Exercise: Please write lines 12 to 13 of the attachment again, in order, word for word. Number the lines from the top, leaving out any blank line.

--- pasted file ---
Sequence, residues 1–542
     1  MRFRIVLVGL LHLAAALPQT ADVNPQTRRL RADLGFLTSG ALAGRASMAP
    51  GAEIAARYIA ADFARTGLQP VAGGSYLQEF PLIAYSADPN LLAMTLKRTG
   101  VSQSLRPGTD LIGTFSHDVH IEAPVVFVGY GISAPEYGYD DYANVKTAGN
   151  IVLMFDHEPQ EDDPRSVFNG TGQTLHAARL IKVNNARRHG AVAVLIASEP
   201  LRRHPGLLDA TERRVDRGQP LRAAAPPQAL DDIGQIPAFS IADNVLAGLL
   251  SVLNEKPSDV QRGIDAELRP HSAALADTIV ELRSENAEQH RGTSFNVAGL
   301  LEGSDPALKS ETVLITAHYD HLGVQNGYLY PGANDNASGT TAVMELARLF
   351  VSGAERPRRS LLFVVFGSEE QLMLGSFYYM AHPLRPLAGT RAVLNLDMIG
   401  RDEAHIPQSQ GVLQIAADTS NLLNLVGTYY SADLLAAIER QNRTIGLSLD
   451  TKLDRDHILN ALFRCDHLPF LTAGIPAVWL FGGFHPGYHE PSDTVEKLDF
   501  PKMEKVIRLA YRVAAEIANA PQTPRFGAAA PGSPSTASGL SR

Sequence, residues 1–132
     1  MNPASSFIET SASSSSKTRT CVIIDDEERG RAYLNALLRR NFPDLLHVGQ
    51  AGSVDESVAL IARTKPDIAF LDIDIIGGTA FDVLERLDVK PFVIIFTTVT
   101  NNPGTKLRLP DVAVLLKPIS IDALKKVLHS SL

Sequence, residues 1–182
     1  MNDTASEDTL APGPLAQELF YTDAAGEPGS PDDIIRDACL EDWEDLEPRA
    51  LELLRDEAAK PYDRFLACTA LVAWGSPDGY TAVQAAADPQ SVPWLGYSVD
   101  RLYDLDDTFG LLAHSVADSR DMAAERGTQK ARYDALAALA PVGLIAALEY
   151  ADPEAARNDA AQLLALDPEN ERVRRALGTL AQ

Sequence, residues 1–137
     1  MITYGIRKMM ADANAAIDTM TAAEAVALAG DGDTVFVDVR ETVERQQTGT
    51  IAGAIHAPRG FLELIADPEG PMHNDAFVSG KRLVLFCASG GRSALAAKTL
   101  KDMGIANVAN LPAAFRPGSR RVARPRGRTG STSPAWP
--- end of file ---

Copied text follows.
   501  PKMEKVIRLA YRVAAEIANA PQTPRFGAAA PGSPSTASGL SR

Sequence, residues 1–132